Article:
Galley Wench Tales

Exploring the world through the people we meet
and the food they eat.

Wayne’s even more delicious than my
deviled eggs; his cute hiked-up hinny
got my attention.

Overly proud of myself for recognizing before I started cooking I could use seawater for boiling — a rare event — I got distracted (not a rare event, admittedly).  Bad timing; I was in the midst of hard boiling eggs.
To tell this story, I need to mention the two basic techniques for hard boiling.  One is you boil them for a while.  The other is you boil them briefly, then let them sit a while.  In both cases, you drain after, then add cool water to stop the cooking, and not scald your fingers as you attempt to free the egg from its shell.
What you don’t do is boil them for a short period of time and also drain their hot cooking water.  I realized that as I watched the water go down the galley sink.  Arg!
What clever solution would keep the eggs cooking so my devliled eggs were still viable? 

Clogged shower sump pump.  A view
Wayne’s all too familiar with.

I slapped the lid back on the cooking pan, and since Wayne had the cabin floor torn apart and his derriere hiked up in the process of draining our clogged shower sump pump, grabbing the towels in the v-berth on the other side iof him was out.  Ummm, you might make some well educated guesses on the source of my distraction;).
Looked silly, but the best quick solution I could come up with to
 keep the heat in to continue cooking their eggs after their
boiling water was drained too early.
Anyhow, I padded the pan with potholders, my dishwashing towel and a pair of pillows.
It worked.
They were still some pretty cobby looking hard boiled eggs, but like the strategic placement of the prettiest produce up front, I knew how to slice those eggs to their best advantage.  Once they were filled, no one would notice.  Best of all, they’re one-gulp foods, rarely inspected.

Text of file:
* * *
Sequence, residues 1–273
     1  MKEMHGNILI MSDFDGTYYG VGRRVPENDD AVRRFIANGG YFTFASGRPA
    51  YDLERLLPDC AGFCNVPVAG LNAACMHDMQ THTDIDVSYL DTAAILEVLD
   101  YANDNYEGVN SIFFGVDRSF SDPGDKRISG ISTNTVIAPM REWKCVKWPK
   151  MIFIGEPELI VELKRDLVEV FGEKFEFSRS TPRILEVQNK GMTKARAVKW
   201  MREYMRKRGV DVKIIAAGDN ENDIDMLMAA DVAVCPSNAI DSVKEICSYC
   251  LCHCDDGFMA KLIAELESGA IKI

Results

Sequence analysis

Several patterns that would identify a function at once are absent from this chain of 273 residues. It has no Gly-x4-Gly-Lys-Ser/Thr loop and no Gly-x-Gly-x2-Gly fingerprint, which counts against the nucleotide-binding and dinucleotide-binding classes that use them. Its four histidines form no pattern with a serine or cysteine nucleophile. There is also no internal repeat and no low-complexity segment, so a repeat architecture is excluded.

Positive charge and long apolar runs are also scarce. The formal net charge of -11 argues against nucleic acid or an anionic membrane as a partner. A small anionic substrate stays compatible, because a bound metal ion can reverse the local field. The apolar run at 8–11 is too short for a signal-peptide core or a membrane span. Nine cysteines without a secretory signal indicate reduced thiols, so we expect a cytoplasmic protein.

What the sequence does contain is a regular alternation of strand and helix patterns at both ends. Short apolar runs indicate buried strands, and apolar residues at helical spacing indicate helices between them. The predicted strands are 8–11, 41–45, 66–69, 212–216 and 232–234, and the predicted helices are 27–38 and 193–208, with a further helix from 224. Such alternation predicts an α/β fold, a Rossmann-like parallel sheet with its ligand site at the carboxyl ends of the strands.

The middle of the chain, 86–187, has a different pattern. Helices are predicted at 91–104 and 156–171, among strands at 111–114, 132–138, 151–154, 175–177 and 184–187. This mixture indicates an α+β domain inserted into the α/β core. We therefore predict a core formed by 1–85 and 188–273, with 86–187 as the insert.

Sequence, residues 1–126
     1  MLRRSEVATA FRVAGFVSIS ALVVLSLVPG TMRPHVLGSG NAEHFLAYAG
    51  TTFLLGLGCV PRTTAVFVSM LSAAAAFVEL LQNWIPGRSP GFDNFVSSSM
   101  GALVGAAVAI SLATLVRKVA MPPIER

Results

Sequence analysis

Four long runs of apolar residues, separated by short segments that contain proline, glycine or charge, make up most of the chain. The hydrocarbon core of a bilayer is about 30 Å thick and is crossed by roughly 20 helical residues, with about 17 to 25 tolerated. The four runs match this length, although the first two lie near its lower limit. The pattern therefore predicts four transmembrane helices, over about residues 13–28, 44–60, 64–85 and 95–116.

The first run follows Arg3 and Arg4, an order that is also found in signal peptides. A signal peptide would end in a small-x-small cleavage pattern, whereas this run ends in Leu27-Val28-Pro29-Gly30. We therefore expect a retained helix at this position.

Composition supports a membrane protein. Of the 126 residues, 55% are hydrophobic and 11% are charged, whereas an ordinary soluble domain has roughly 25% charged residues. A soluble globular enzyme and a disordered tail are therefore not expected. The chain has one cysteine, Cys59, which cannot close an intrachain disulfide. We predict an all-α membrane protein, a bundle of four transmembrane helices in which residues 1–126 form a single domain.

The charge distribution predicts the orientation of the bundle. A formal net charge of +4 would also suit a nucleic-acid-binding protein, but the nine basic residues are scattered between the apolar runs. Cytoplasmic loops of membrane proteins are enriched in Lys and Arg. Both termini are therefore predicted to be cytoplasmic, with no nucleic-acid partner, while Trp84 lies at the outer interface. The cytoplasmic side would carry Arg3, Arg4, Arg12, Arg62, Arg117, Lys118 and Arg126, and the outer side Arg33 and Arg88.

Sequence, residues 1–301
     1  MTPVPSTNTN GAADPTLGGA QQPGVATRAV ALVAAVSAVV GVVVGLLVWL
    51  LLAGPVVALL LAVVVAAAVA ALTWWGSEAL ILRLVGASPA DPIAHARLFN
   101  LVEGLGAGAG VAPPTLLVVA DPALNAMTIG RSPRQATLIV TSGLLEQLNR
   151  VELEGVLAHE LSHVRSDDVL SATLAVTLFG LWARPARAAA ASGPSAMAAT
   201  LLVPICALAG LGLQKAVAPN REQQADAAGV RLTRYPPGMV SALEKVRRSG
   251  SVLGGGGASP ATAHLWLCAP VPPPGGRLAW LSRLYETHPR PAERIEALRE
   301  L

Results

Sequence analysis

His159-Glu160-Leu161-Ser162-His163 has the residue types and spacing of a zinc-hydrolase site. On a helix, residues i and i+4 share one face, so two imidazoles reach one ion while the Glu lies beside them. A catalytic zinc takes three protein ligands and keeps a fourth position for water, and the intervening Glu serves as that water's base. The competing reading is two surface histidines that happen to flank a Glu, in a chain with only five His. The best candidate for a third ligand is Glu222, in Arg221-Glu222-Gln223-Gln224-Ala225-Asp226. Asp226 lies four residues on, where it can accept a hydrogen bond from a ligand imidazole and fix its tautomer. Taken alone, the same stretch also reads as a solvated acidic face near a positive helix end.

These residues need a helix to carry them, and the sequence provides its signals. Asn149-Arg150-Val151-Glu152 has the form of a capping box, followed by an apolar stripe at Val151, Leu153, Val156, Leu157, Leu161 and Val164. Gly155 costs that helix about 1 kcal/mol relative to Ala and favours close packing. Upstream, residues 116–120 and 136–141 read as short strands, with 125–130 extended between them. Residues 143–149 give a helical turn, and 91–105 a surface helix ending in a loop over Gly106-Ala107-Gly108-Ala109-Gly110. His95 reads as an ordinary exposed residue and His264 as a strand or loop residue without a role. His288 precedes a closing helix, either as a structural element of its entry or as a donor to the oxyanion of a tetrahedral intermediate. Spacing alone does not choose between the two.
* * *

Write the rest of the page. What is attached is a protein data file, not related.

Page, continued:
In fact, all 24 deviled egg halves were gone well before we got to our fish fry potluck buffet line servings, and we weren’t very far in line.
Besides, going to an event gone wild at the tail end of Spring break, my develied eggs were no match for hordes of sunny-side up and fried twenty-somethings.  But that’s another post.

Not my best peeling job.

Yolks were a touch overcooked.  Some
had a slight green coating at the
yolks edge; if they were perfect they
would be 100% yellow globes.

Deviled eggs are such a forgiving recipe.

For those of you who like deviled eggs, here’s my mayonnaise-free recipe (click here for more about the first time I made deviled eggs sailing in Desolation Sound, Canada, British Columbia)

Dana’s Deviled Eggs 

12 eggs, hard boiled and shelled*
1 c nonfat plain yogurt, preferably Greek, drained (you may want less… start with ½ c)
2 T lemon juice (adjust to your taste – start with 1 T)
1 ½ t Dijon mustard (or less — alt. ¼ t mustard powder)
¼ t garlic powder (adjust to your taste – I tend to add more)
¼ t onion powder (adjust to your taste – I tend to add more)
1/8 t salt
1/8 t pepper (adjust to your taste – I tend to add more)
1 t Spike seasoning (optional — adjust to taste)
2 dashes Worchestershire sauce (optional)
2 T green, pitted olives, with or without pimento, chopped OR
2 T chopped pickles, dill or sweet (I prefer dill)
paprika, preferably smoked

prep the eggs
  • carefully split each hard boiled egg lengthwise**
  • gently pop the yolks into a bowl that holds at least 2 cups
  • set the egg whites into a serving tray

prep the filling

  • to the egg yolks, add all the remaining ingredients except the olives or pickles and paprika
  • using a fork or frosting spreader, mix thoroughly until light and creamy and ingredients well distributed
  • add the olives or pickles and stir them in
  • taste; adjust seasonings to your taste

fill the eggs

  • using a fork, spoon or small frosting spreader, pile the filling generously into and above each egg’s hollow (usually, there’s a little left over anyway – cook’s reward –enjoy!)
  • sprinkle each yolk fill with a light dusting of paprika, for color

*my preferred method for hard boiling: 
bring eggs to room temperature
place in pan with plenty of room to move – I pinch it a bit using my 10” wide 2 ½” deep skillet for 1 dozen medium-sized eggs (less water = less time to boil)
cover in cool or cold water – clean seawater is excellent
bring to boil
boil 2 minutes
turn water off
leave eggs in pan with hot water for 20 minutes
after 20 minutes, drain and cover with cool water
carefully remove hard-boiled eggs from shell while still in the “cool” water
**using a sharp, unserrated knife, like a meat carving knife, works best for me